Is Language Too Subjective?


Some non-inerrantists hold the self-defeating theory of meaning called conventionalism. Franke, for example, argues that “since language is a social construct…our words and linguistic conventions do not have timeless and fixed meanings…” (Franke, 194). There are serious problem with this view which Franke and other contemporary non-inerrantists have adopted.

Without going into philosophical detail, the most telling way to see the flaws of this view is to reflect on its self-defeating nature. That is, it cannot deny the objectivity of meaning without making an objectively meaningful statement. To claim that all language is purely conventional and subjective is to make a statement which is not purely conventional and subjective.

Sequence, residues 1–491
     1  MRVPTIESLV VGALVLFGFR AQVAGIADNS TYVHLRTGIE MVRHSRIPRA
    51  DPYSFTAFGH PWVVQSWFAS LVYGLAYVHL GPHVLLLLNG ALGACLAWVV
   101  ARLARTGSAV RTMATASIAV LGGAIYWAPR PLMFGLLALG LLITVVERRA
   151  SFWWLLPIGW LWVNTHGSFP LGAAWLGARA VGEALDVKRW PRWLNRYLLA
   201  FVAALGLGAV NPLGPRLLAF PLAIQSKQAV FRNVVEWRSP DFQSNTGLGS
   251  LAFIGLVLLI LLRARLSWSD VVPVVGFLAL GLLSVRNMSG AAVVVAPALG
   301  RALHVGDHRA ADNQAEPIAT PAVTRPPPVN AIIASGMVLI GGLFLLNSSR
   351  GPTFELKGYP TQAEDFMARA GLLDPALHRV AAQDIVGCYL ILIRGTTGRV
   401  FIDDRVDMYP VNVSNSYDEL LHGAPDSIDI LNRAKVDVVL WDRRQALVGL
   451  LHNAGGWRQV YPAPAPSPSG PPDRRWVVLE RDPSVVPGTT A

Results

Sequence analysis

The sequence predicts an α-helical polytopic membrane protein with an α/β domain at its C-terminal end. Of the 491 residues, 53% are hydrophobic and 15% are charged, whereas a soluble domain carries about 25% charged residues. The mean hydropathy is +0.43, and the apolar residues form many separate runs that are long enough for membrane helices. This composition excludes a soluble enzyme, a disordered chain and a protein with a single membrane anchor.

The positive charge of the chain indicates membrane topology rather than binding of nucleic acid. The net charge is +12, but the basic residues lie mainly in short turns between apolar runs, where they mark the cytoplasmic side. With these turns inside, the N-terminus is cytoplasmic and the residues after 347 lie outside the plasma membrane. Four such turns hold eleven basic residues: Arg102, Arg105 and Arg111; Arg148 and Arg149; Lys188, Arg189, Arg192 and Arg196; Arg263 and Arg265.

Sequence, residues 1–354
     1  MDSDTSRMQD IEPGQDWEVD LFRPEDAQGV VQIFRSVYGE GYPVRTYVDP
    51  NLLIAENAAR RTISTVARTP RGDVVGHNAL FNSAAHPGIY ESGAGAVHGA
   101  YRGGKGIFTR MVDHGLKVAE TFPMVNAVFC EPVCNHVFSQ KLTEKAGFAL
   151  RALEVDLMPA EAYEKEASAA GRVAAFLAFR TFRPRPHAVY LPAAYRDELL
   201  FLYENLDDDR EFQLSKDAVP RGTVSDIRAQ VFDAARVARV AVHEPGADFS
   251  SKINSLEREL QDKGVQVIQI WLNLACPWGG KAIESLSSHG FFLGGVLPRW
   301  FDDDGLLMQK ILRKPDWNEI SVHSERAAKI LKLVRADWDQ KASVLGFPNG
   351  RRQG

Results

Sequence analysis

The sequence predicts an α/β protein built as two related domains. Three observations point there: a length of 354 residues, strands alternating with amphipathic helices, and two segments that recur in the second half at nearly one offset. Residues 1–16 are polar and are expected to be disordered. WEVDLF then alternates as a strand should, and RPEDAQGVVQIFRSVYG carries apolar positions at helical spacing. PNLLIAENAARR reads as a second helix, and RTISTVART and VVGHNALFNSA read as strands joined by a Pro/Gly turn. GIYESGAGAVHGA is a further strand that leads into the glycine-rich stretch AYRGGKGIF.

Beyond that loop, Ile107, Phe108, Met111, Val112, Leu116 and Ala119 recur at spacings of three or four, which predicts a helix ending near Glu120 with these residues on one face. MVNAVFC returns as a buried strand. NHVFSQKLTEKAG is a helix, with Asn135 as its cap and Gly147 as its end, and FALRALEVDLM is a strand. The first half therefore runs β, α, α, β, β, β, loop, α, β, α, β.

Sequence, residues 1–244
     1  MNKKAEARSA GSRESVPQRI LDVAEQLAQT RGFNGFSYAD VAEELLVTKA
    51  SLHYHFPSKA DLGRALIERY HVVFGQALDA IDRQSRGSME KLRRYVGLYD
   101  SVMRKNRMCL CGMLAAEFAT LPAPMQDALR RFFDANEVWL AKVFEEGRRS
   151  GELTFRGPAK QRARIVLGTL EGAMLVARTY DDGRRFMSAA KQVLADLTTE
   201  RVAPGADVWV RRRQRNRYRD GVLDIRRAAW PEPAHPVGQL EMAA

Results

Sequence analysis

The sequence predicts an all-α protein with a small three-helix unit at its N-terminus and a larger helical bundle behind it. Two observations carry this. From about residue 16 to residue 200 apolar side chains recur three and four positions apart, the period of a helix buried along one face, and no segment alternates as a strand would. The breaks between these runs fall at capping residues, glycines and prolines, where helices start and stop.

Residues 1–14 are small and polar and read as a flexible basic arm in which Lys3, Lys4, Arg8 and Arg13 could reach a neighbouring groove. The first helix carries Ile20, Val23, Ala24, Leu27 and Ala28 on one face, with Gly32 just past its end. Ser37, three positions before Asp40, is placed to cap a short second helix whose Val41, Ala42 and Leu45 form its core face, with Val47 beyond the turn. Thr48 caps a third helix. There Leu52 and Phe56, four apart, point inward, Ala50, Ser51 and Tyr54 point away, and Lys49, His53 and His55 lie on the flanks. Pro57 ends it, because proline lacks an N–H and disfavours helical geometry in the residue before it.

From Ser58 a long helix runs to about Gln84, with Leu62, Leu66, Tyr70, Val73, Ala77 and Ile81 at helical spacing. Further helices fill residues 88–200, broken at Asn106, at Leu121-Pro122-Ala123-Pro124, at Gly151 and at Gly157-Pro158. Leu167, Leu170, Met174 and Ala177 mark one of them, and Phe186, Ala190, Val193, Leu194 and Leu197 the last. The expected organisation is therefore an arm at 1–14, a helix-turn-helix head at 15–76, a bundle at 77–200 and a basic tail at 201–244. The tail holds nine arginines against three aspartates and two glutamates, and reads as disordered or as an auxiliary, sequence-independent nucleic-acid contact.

In like manner, when Franke claims that truth is perspectival (Franke, 267), he seems to be unaware that he is making a non-perspectival truth claim. This problem is discussed more extensively elsewhere (see Geisler, Systematic Theology, chap. 6). We would only point out here that one cannot consistently be an inerrantist and a conventionalist. For if all meaning is subjective, then so is all truth (since all true statements must be meaningful). But inerrancy claims that the Bible makes objectively true statements. Hence, an inerrantist cannot be a conventionalist, at least not consistently.